Why Jurassic World Is More Successful Than Jurassic Park At The Box Office
As popular as the Jurassic Park trilogy was, the Jurassic World movies have proven more successful at the box office. Here's the reason why.
As popular as the Jurassic Park trilogy was, the Jurassic World movies have proven more successful at the box office. 18 years after he invented the summer blockbuster with Jaws, Steven Spielberg changed the game again with his classic tale of mankind's arrogance in the face of the powers of creation and mother nature. The original Jurassic Park would go on to become the highest-grossing film ever upon its initial release in 1993, and continues to break records to this day, even topping the box office 27 years later thanks to theaters showing it and other classic movies in lieu of new releases due to the ongoing COVID-19 pandemic.
Spielberg's movie was so beloved, it's since given rise to a pair of direct followups, in addition to the Jurassic World sequel trilogy, which kicked off in 2015. Directed by Colin Trevorrow, the first Jurassic World picks up from the Jurassic Park films in real-time, and fulfills the late John Hammond's vision of a fully operational - and highly profitable - dinosaur theme park. However, when corporate greed and hubris prompt the park's owners and scientists to create a hybrid dinosaur in an effort to boost attendance, it goes terribly wrong and sets in motion a chain of events that will forever change life as people know it.
The trilogy will conclude with the upcoming Jurassic World: Dominion, a sequel that moves the story from an island to a global setting after the second film in the series, 2018's Fallen Kingdom, ended with the surviving dinosaurs of Isla Nublar escaping into the world. Despite the mixed response to the first two Jurassic World movies, anticipation is high for Dominion thanks to a combination of its setup and the return of Jurassic Park legacy actors Sam Neill, Laura Dern, and Jeff Goldblum. As such, the film is expected to perform nearly as strongly at the box office as its predecessors, thusly cementing Jurassic World as the bigger of the two Jurassic trilogies, commercially-speaking.
Jurassic World Is A Bigger Franchise Than Jurassic Park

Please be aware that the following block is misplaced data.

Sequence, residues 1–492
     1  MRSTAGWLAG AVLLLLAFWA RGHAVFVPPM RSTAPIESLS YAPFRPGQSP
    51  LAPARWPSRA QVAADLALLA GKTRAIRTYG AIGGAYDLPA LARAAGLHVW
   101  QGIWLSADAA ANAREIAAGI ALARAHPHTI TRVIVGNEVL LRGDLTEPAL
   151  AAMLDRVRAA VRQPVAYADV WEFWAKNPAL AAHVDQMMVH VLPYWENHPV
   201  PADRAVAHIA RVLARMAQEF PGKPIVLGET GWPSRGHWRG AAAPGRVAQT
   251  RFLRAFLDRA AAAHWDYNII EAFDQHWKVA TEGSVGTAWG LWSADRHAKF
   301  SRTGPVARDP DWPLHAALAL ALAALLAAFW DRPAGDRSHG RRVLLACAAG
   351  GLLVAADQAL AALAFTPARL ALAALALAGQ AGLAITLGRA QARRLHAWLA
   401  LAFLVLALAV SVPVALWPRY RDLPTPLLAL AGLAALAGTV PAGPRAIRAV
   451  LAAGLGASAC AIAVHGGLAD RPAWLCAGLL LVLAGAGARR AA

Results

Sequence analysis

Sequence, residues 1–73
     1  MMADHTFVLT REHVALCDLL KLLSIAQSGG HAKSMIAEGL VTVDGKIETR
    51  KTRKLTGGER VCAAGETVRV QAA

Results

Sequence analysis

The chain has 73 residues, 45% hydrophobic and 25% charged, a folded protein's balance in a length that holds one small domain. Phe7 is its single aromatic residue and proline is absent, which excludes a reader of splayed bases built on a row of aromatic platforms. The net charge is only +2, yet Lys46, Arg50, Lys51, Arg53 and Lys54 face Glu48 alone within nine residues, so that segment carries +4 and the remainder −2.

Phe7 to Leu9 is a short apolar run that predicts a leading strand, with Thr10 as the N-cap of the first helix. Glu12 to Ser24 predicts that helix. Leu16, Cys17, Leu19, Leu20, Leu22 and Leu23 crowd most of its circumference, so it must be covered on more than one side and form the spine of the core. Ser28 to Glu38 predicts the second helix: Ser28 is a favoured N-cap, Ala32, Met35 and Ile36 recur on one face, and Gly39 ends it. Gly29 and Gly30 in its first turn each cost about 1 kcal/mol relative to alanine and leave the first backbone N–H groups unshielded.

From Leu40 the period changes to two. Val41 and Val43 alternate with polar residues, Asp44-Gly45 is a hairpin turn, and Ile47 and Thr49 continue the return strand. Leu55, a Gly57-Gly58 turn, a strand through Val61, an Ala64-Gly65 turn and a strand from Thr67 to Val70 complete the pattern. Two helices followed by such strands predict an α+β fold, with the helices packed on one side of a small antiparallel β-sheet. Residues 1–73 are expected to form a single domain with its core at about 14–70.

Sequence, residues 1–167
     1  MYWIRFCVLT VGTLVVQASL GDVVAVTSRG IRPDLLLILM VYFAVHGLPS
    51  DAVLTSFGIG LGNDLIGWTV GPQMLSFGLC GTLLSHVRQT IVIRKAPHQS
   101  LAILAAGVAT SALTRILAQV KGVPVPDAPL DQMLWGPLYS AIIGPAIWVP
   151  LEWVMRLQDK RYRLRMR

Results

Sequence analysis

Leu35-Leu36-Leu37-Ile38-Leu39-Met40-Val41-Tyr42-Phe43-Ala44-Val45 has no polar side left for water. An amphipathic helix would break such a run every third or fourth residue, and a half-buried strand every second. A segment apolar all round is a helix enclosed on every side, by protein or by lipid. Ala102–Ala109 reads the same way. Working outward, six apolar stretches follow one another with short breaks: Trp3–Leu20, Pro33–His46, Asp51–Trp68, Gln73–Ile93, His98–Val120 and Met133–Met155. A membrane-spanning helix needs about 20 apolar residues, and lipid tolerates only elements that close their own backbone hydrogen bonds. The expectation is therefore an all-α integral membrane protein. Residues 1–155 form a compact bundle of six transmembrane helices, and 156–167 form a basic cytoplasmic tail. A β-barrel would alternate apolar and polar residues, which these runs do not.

Not adjusting for inflation, the three Jurassic Park movies (Jurassic Park, The Lost World: Jurassic Park, and Jurassic Park III) have grossed just over $2 billion at the global box office, as opposed to the $2.97 billion taken in between Jurassic World and Fallen Kingdom alone. Even if Dominion suffers a significant drop-off from the previous films in the trilogy, it should still bring in somewhere in the vicinity of $900 million to $1 billion, putting the trilogy at a cumulative gross in the region of $4 billion.
Of course, when you adjust for inflation, Jurassic Park is easily the single biggest movie in the entire Jurassic franchise, with a domestic gross of $837 million (as opposed to $705 million for Jurassic World). The Lost World's U.S. box office returns are similarly bigger than Fallen Kingdom's when adjusted ($455 million vs. $418 million), though the latter may still be the higher-grossing one thanks to its massive international haul. But even after taking that into account, the Jurassic World trilogy is still on-course to outperform the Jurassic Park series thanks to their respective third installments.
Jurassic Park's Sequels Hurt The Franchise
Unlike Jurassic Park, The Lost World was a critical disappointment and didn't perform near as well worldwide, taking in $619 million or nearly a third less than Jurassic Park during its original theatrical run four years earlier. In fairness, that wasn't unexpected; up to that point, even well-received sequels to box office smash-hits typically grossed noticeably less than their predecessor, like what happened with The Empire Strikes Back and Star Wars. However, whereas Return of the Jedi would go on to outgross The Empire Strikes Back, Jurassic Park III took in significantly less than The Lost World ($369 million) when it arrived in 2001, no doubt due to the latter's middling reception, combined with the movie's own lackluster critical response.